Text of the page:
On July 27, 2015, the Food and Drug Administration published a Supplemental Proposed Rule (SPR) that amends its Proposed Rule on Nutritional Labeling published on March 3, 2014. If finalized, the SPR will require Nutrition Facts labels to include declarations for “added sugars,” which are generally defined as sugars and syrups that are added to foods during processing or preparation. Specifically, this rule would establish a daily Value or Daily Reference Value (DRV) of 10 percent of total energy intake from added sugars and require the Nutrition Facts label of packaged foods to declare the DRV for added sugars. A link to the SPR can be found here.

FDA regulations currently require food Nutrition Facts labels to list the DRV for total fat, saturated fat, cholesterol, sodium, total carbohydrate, dietary fiber, calcium, and iron, as the DRV indicates how much a nutrient in one serving of food contributes to a daily diet. Under the SPR, the requirements to list a DRV would be extended to include added sugars. FDA is making this proposal based a recommendation of the Scientific Report of the 2015 Dietary Guidelines Advisory Committee that the daily intake of calories from added sugars not exceed 10 percent of total calories.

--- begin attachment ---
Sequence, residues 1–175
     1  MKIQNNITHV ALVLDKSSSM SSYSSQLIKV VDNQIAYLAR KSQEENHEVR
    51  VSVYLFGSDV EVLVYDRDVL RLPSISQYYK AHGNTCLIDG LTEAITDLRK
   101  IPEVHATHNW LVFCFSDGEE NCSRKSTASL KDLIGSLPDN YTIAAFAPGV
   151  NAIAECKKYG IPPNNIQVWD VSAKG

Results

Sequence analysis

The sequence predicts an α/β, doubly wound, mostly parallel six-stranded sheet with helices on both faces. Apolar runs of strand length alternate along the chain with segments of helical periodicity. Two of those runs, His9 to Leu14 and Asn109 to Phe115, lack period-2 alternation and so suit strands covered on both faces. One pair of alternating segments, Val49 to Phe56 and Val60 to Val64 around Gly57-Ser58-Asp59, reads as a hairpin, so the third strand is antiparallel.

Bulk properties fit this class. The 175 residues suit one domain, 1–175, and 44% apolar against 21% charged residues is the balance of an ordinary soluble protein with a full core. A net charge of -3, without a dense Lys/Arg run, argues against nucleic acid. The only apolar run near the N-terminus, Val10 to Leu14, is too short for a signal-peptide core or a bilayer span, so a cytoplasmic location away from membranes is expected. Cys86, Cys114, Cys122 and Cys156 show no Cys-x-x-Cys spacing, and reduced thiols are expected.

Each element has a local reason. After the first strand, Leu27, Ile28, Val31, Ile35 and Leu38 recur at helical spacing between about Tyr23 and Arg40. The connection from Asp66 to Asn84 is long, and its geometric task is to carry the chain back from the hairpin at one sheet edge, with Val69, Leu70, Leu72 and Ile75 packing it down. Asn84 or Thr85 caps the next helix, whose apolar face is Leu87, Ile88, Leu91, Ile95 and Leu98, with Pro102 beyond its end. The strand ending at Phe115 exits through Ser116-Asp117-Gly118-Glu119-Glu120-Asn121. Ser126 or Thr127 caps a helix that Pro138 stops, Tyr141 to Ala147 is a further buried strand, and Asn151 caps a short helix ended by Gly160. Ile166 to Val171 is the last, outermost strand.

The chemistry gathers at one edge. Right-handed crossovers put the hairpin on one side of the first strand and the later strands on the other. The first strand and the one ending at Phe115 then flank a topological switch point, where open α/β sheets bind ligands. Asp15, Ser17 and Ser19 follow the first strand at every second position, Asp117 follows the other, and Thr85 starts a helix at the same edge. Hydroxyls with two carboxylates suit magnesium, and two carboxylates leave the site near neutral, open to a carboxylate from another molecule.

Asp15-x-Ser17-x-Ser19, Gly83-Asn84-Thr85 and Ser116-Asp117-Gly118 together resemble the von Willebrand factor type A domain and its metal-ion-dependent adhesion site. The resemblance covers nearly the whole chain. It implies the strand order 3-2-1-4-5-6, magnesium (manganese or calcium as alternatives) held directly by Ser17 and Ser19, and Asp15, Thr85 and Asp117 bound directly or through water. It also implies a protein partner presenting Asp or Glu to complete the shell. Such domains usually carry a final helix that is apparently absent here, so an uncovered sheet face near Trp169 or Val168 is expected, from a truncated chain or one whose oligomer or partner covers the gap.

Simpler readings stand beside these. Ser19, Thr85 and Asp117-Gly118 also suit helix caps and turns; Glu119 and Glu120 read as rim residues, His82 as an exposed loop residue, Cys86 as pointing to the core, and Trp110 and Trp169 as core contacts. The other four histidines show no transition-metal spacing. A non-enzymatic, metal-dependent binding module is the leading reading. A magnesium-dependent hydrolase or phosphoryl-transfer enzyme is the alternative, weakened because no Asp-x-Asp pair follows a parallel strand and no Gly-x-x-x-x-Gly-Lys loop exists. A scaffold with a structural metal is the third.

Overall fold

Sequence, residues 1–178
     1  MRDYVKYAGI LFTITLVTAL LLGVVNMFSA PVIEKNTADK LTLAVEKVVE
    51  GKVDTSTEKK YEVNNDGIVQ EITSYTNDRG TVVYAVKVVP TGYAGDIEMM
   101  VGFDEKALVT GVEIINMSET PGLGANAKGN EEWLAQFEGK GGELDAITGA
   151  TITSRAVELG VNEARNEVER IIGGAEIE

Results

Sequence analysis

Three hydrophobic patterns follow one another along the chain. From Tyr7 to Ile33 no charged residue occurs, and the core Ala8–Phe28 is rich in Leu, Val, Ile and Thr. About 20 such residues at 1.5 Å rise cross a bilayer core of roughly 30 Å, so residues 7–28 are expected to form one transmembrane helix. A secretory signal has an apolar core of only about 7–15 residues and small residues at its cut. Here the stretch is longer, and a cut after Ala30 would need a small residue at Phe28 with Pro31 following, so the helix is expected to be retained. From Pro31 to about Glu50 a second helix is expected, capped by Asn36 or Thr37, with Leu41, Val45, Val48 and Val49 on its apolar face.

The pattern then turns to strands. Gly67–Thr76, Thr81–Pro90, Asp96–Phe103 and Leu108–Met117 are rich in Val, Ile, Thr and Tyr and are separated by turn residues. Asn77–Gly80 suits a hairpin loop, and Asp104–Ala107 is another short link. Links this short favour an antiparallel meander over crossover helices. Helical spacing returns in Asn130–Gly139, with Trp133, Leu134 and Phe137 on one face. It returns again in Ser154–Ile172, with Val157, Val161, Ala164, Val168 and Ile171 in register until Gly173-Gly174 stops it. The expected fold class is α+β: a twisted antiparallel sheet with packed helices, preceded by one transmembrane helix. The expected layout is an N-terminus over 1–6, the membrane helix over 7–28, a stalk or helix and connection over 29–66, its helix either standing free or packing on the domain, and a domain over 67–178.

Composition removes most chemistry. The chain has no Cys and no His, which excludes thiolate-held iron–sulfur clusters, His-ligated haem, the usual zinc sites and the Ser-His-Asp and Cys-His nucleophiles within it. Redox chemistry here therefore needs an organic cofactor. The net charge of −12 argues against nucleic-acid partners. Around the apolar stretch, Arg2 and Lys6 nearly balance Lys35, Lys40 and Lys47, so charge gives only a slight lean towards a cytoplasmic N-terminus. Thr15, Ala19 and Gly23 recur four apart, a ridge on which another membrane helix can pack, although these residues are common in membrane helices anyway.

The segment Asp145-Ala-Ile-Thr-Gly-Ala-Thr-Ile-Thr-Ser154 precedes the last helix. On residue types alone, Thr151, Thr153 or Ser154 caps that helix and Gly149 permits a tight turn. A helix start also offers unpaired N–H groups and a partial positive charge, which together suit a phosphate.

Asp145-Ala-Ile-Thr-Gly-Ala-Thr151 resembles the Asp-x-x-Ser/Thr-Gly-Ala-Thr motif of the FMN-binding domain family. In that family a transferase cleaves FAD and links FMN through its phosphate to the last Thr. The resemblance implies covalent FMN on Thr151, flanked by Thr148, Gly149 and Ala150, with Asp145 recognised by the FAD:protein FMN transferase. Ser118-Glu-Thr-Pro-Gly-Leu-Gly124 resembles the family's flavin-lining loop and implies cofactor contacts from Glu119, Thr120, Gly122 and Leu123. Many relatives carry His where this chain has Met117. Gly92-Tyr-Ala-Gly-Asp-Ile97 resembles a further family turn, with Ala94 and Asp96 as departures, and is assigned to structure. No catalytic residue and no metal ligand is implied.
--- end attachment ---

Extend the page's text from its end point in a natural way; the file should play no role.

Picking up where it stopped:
The SPR also proposes text for footnotes to be used on Nutrition Facts labels, with the intended purpose of helping consumers understand the DRV concept more clearly. The proposed statement on the label is: “*The percent daily value (%DV) tells you how much a nutrient in a serving of food contributes to a daily diet. 2,000 calories a day is used for general nutrition advice.”

Such food labeling changes, once enacted, will require food manufacturers and marketers to update their food labels to comply with FDA’s revised food labeling requirements. Indeed, the FDA estimates that these new nutritional labeling requirements will generate annualized costs of between $8 to $10 million, industry-wide.     

FDA is accepting comments to the SPR up until October 13, 2015.